Meningioma recurrence

If a tumor returns after being resected previously, it is recommended to be resected, followed by radiotherapy in some cases. Meningiomas (benign, atypical, and malignant) recurring after standard treatment fails could be treated with hormone therapy, chemotherapy, target therapy, and calcium channel blockers 1)

In Intracranial meningioma surgery, resection is considered to be the most important therapeutic step to avoid meningioma recurrence. However, resection of skull base lesions with orbital or optic nerve involvement poses a challenge due to their anatomical structure and their proximity to eloquent areas.

In a study, by Huang et al. scRNA-Seq is used to identify a unique initiating cell subpopulation (SULT1E1+ ) in high-grade meningiomas. This subpopulation modulates the polarization of M2 macrophages and promotes meningioma progression and meningioma recurrence. A novel patient-derived meningioma organoid (MO) model is established to characterize this unique subpopulation. The resulting MOs fully retain the aggressiveness of SULT1E1+ and exhibit invasiveness in the brain after orthotopic transplantation. By targeting SULT1E1+ in MOs, the synthetic compound SRT1720 is identified as a potential agent for systemic treatment and radiation sensitization. These findings shed light on the mechanism underlying the malignancy of high-grade meningiomas and provide a novel therapeutic target for refractory high-grade meningioma 2).

Genomic profiling can provide an unbiased adjunct to traditional meningioma classification and provides a basis for exploring the different genetic underpinnings of tumor initiation and progression. Most importantly, the striking difference observed between sporadic and familial multiple meningiomas indicates that genomic profiling can provide valuable information for differential diagnosis of subjects with multiple meningiomas and for considering the risk for tumor occurrence in their family members 3).

There are four critical histopathological variables that affect the rate of meningioma recurrence:

1. Meningioma grade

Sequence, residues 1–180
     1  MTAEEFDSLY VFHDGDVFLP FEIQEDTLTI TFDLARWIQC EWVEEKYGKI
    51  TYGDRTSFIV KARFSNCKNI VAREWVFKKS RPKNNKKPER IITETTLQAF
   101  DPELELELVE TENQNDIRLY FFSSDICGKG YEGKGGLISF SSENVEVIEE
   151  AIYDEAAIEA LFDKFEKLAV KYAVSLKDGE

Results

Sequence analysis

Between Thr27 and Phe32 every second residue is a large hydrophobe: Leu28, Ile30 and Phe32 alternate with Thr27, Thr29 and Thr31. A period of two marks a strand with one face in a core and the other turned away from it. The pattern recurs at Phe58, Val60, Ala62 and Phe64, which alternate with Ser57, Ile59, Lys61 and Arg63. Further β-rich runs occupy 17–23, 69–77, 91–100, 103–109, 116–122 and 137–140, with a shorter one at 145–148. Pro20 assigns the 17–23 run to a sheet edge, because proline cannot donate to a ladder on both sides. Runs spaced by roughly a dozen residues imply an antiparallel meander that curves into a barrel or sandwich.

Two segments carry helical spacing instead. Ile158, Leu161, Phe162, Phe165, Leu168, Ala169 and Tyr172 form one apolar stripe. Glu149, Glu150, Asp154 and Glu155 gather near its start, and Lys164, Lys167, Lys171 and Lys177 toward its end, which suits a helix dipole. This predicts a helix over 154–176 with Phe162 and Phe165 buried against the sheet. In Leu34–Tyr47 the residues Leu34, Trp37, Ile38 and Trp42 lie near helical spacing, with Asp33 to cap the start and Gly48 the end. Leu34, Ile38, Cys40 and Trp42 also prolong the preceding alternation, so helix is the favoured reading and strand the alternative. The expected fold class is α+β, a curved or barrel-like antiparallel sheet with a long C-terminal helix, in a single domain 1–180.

2. Meningioma histological subtype

3. Meningioma proliferation index

4. Brain invasion (see Brain invasion in atypical meningioma).

The presence of brain invasion increases the likelihood of recurrence to levels similar to atypical meningiomas (not anaplastic), 4) but is not an indicator of malignant grade. Brain invasion in atypical meningiomas does not dictate malignant behavior. Adding the phrase “with brain invasion” is suggested to denote a higher risk of recurrence 5)

Tumor recurrence remains the major clinical complication of meningiomas, the majority of recurrences occurring among WHO grade I/benign tumors.

The MIB-1 index was evaluated as a possible predictor of meningiomas with a higher risk of recurrence 6).

Domingues et al, found an adverse impact on patient relapse-free survival (RFS) for males, presence of brain edema, younger patients (<55 years), tumor size >50 mm, tumor localization at intraventricular and anterior cranial base areas, WHO grade II/III meningiomas, and complex karyotypes; the latter 5 variables showed an independent predictive value in multivariate analysis. Based on these parameters, a prognostic score was established for each individual case, and patients were stratified into 4 risk categories with significantly different (P < .001) outcomes. These included a good prognosis group, consisting of approximately 20% of cases, that showed a RFS of 100% ± 0% at 10 years and a very poor-prognosis group with a RFS rate of 0% ± 0% at 10 years. The prognostic impact of the scoring system proposed here was also retained when WHO grade I cases were considered separately (P < .001) 7).

Hosseini-Siyanaki MR, Segherlou ZH, Liu S, Azab MA, Khan M, Lucke-Wold B. Recurrent meningioma: When to intervene. BOHR Int J Neurol Neurosci. 2023;2(1):3-11. doi: 10.54646/bijnn.008. Epub 2023 Mar 10. PMID: 36972191; PMCID: PMC10035602.
Huang M, Xu S, Li Y, Shang L, Zhan X, Qin C, Su J, Zhao Z, He Y, Qin L, Zhao W, Long W, Liu Q. Novel Human Meningioma Organoids Recapitulate the Aggressiveness of the Initiating Cell Subpopulations Identified by ScRNA-Seq. Adv Sci (Weinh). 2023 Mar 30:e2205525. doi: 10.1002/advs.202205525. Epub ahead of print. PMID: 36994665.
Shen Y, Nunes F, Stemmer-Rachamimov A, James M, Mohapatra G, Plotkin S, Betensky RA, Engler DA, Roy J, Ramesh V, Gusella JF. Genomic profiling distinguishes familial multiple and sporadic multiple meningiomas. BMC Med Genomics. 2009 Jul 9;2:42. doi: 10.1186/1755-8794-2-42. PMID: 19589153; PMCID: PMC2716362.
Perry A, Scheithauer BW, Stafford SL, et al. “Malignancy” in meningiomas: A clinicopathologic study of 116 patients with grading implications. Cancer. 1999; 85:2046–2056
Kleihues P, Louis DN, Scheithauer BW, et al. The WHO classification of tumors of the nervous sys- tem. J Neuropathol Exp Neurol. 2002; 61:215–25; discussion 226-9
Oya S, Kawai K, Nakatomi H, Saito N. Significance of Simpson grading system in modern meningioma surgery: Integration of the grade with MIB-1 labeling index as a key to predict the recurrence of WHO Grade I meningiomas. J Neurosurg. 2012;117:121–8.
Domingues PH, Sousa P, Otero A, Gonçalves JM, Ruiz L, de Oliveira C, Lopes MC, Orfao A, Tabernero MD. Proposal for a new risk stratification classification for meningioma based on patient age, WHO tumor grade, size, localization, and karyotype. Neuro Oncol. 2014 Feb 16. [Epub ahead of print] PubMed PMID: 24536048.
  • meningioma_recurrence.txt
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